A group of opposition activists in Hong Kong who organised a primary election said to have breached the national security law by attempting to overthrow the government disbanded on Saturday.
The announcement came a day before 52 former opposition lawmakers and activists were expected to report to police over their arrests on subversion charges relating to the vote, with some believing they would be prosecuted.
Power for Democracy announced the move on its Facebook page, saying committee members had passed a motion to disband the organisation and cease operations immediately.
“Under the latest development in Hong Kong and the new era of political situation, the coordination work by the Power for Democracy had accomplished its historical mission,” said convenor Andrew Chiu Ka-yin. Chiu, the vice-chairman of Eastern district council.
Chiu was one of 55 people who were arrested by the force’s National Security Department in January over their involvement in an unofficial primary poll ahead of the later-postponed Legislative Council elections. Officials described it as part of a plot to overthrow the government.
“In the future, we must, under the Basic Law, the national security law and the framework of ‘one country, two systems’, serve the Hong Kong community via different means, obey the law and safeguard the stability and prosperity of Hong Kong,” the group said.
On Friday, with the exception of three suspects already in jail or custody, 52 suspects out on bail were notified by police that their next reporting day had been moved forward from April, to this Sunday at 2pm. No reason was given for the change.
Some said they were prepared to be detained overnight and brought to court on Monday where they expected to be formally charged with subversion, which carries a maximum sentence of life in prison.
Power for Democracy was formed in 2002 by activists including Lee Chuek-yan and Albert Ho Chun-yan to strive for democratic development, and worked mainly as a mediating platform for electoral coordination between the opposition parties.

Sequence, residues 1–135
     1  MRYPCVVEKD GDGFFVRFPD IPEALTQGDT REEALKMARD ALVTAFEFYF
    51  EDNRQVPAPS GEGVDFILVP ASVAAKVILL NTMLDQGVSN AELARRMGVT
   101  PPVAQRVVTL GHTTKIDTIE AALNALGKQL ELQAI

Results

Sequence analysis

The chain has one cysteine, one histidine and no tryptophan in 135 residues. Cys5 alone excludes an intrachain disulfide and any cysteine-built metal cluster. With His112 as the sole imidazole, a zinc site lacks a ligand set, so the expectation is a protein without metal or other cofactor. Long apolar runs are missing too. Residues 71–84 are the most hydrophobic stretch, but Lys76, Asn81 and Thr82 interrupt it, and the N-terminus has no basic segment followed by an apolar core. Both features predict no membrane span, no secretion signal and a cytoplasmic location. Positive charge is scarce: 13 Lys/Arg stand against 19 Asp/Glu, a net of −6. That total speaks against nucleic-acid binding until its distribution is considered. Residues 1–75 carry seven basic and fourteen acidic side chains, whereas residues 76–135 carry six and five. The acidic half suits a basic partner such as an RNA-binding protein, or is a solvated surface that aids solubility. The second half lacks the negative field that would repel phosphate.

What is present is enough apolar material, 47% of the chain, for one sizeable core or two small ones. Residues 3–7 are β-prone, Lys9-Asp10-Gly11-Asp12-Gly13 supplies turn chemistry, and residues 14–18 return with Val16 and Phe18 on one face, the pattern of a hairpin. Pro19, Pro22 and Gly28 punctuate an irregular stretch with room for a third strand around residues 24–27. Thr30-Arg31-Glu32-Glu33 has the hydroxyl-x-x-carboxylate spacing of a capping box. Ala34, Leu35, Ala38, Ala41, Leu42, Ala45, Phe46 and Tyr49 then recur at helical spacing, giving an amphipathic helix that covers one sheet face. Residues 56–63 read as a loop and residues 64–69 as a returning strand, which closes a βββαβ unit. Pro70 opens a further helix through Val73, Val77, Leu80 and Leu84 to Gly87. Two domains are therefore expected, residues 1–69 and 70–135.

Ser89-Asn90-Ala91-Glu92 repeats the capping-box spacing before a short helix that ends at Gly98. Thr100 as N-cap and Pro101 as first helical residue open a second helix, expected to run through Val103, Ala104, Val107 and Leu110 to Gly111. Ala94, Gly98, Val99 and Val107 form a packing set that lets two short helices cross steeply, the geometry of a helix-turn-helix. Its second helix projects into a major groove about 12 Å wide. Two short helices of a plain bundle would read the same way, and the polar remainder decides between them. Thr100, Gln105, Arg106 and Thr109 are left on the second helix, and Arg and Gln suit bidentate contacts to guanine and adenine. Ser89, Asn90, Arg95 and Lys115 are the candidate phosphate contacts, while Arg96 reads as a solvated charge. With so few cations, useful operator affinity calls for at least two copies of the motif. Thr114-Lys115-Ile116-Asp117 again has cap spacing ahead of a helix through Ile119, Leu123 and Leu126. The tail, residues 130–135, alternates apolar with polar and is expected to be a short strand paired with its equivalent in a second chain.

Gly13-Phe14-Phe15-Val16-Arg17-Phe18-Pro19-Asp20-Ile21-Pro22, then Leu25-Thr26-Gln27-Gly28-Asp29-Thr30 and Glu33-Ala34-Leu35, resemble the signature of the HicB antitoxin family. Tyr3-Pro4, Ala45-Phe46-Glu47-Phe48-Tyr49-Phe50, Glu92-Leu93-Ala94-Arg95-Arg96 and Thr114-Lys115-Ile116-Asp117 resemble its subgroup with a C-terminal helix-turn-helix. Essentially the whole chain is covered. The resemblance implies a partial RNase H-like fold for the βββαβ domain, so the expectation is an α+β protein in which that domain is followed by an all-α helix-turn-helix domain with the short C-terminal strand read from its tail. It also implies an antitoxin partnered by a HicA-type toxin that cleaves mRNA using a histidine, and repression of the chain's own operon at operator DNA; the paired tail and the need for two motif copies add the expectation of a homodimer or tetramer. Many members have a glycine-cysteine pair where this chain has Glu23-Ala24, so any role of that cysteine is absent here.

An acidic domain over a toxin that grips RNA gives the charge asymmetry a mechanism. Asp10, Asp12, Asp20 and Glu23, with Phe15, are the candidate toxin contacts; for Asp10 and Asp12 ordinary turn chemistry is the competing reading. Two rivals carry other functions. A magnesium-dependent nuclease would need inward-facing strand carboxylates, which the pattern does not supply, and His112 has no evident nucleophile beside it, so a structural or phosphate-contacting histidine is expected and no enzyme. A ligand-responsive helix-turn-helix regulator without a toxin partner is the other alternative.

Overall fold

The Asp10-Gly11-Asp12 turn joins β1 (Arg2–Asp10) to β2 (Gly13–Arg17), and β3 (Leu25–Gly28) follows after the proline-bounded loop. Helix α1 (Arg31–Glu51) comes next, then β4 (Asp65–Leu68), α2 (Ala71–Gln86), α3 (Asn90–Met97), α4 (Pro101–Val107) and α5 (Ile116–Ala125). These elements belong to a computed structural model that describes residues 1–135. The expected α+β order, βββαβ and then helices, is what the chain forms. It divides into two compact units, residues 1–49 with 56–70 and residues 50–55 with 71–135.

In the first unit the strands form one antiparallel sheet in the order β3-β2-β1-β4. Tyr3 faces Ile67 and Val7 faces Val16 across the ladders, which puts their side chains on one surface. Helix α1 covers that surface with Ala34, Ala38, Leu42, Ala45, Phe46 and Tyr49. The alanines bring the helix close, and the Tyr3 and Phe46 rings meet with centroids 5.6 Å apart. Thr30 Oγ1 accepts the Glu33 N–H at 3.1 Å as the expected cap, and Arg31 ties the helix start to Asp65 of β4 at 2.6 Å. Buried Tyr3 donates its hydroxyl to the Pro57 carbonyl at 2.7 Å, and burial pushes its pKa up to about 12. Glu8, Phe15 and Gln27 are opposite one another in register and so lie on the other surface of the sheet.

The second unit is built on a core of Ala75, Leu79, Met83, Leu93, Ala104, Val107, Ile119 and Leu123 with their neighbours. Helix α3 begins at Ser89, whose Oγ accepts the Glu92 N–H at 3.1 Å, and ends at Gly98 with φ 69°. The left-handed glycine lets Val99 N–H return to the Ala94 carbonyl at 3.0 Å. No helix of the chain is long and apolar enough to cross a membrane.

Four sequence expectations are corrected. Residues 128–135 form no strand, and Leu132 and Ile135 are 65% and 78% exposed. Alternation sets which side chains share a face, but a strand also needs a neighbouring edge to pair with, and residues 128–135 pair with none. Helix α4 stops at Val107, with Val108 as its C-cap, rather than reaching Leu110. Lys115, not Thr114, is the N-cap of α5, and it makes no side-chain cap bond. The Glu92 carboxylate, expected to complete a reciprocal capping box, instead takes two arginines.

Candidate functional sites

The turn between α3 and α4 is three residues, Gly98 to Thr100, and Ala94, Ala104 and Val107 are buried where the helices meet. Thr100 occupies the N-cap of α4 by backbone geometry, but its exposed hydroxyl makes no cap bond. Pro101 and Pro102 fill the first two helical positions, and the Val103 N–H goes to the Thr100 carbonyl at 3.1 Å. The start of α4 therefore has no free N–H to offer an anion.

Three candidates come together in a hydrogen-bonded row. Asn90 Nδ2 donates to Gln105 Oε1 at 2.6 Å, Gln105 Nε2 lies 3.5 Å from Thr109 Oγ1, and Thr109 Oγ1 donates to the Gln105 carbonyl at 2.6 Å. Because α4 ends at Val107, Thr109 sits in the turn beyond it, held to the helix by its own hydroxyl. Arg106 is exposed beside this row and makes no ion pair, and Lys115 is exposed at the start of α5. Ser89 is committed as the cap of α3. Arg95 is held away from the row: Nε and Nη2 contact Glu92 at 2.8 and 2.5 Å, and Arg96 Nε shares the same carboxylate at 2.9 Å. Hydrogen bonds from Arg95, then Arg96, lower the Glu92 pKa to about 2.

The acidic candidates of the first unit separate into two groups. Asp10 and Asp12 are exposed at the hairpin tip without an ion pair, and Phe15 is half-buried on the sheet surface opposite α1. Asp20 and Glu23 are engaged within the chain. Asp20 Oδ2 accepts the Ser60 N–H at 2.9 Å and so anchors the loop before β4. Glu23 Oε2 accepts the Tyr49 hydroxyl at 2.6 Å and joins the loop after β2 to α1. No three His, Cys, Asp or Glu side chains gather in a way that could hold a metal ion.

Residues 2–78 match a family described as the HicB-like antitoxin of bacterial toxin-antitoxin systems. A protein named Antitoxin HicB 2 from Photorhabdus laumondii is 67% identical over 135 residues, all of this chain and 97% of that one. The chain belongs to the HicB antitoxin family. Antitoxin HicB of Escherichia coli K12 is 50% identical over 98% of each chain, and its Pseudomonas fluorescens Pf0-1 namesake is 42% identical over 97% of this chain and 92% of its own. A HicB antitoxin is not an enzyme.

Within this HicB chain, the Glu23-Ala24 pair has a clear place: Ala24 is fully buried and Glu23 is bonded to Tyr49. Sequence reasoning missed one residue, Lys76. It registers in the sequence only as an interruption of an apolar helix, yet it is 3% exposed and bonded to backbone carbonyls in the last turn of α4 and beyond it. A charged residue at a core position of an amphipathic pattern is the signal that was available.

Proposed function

The group organised the primary elections last July in which 600,000 people took part. The goal of the primaries was to select a field of candidates thought most likely to help the opposition score their first-ever majority at Legco, also known as the “35-plus” strategy.
Legal academic Benny Tai Yiu-ting was the architect of the primaries.
According to its Facebook page, committee members of the Power for Democracy included treasury John Clancey, and former lawmakers Jeremy Tam Man-ho and Andrew Wan Siu-kin. The lawyer and the two former legislators were among those arrested.
Officials said the “35-plus” plan by opposition politicians to take control of the 70-member Legislative Council breached the national security law, as it was part of a wider strategy to paralyse the government, provoke Beijing into ending the “one country, two systems” policy under which Hong Kong is governed, and trigger international sanctions against China.
Last month, nearly 1,000 police officers conducted raids across the city, detaining 53 people accused of organising or involvement in the pan-democratic camp’s unofficial primary run-off election last July, while activist Joshua Wong Chi-fung and Tam Tak-chi were arrested on the subversion charge while already in jail.